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Financial Integration Without Financial Development

Flavia Corneli ()

Atlantic Economic Journal, 2021, vol. 49, issue 2, No 7, 220 pages

Abstract: Abstract This paper shows that, in a two-country model, where the two economies differ in their level of financial market development, financial integration has sizable short- and medium-term effects, even in the absence of aggregate risks. Consistent with the Lucas paradox, the present work establishes that financial integration can reduce the speed of capital accumulation and increase savings in a developing country still in the process of convergence toward the steady state and with domestic capital market distortions. The level of capital accumulation at the time of integration crucially affects agents’ welfare. The closer the economy is to its steady state, the lower are agents’ welfare gains in the financially less advanced economy, while they are always negative in the more developed country. Two forces drive these results: precautionary saving and the propensity to move resources from risky capital to safe assets until the risk-adjusted return on capital equalizes the risk-free interest rate. Under the assumption of the constant relative-risk-aversion utility function, those forces are both decreasing in wealth.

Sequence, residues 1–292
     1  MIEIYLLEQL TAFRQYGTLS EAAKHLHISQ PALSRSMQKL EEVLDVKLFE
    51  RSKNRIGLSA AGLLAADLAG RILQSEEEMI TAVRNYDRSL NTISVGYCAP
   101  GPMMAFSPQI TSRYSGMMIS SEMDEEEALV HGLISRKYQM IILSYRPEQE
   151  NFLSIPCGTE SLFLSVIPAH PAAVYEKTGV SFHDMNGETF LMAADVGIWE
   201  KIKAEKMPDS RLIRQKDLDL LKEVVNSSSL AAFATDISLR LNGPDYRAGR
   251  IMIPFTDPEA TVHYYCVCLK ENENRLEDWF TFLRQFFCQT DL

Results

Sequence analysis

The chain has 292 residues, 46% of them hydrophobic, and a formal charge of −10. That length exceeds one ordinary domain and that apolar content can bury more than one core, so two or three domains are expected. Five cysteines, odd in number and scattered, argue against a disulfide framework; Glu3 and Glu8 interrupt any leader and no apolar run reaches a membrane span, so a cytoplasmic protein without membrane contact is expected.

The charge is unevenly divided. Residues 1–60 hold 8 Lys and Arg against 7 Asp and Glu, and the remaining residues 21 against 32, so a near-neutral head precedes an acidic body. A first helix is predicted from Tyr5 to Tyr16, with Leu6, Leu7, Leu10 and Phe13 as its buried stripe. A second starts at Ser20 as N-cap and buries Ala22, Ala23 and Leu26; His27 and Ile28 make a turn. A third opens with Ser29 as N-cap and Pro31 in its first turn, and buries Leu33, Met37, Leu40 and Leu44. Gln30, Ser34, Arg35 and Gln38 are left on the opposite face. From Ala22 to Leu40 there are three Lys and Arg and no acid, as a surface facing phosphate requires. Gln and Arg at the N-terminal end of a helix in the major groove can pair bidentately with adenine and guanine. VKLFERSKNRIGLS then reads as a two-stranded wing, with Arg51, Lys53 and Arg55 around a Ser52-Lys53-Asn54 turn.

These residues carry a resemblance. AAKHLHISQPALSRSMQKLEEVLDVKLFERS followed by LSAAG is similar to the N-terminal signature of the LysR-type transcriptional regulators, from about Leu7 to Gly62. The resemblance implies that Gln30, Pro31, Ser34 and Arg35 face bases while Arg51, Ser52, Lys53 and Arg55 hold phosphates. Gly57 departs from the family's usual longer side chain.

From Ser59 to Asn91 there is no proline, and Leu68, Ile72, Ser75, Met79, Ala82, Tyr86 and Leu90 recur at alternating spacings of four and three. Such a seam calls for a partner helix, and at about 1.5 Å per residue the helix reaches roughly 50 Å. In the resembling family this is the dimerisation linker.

Keywords: Financial integration; International capital movements; Incomplete markets; Economic growth; F36; F43; G11; O16 (search for similar items in EconPapers)
Date: 2021
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DOI: 10.1007/s11293-021-09709-2

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Handle: RePEc:kap:atlecj:v:49:y:2021:i:2:d:10.1007_s11293-021-09709-2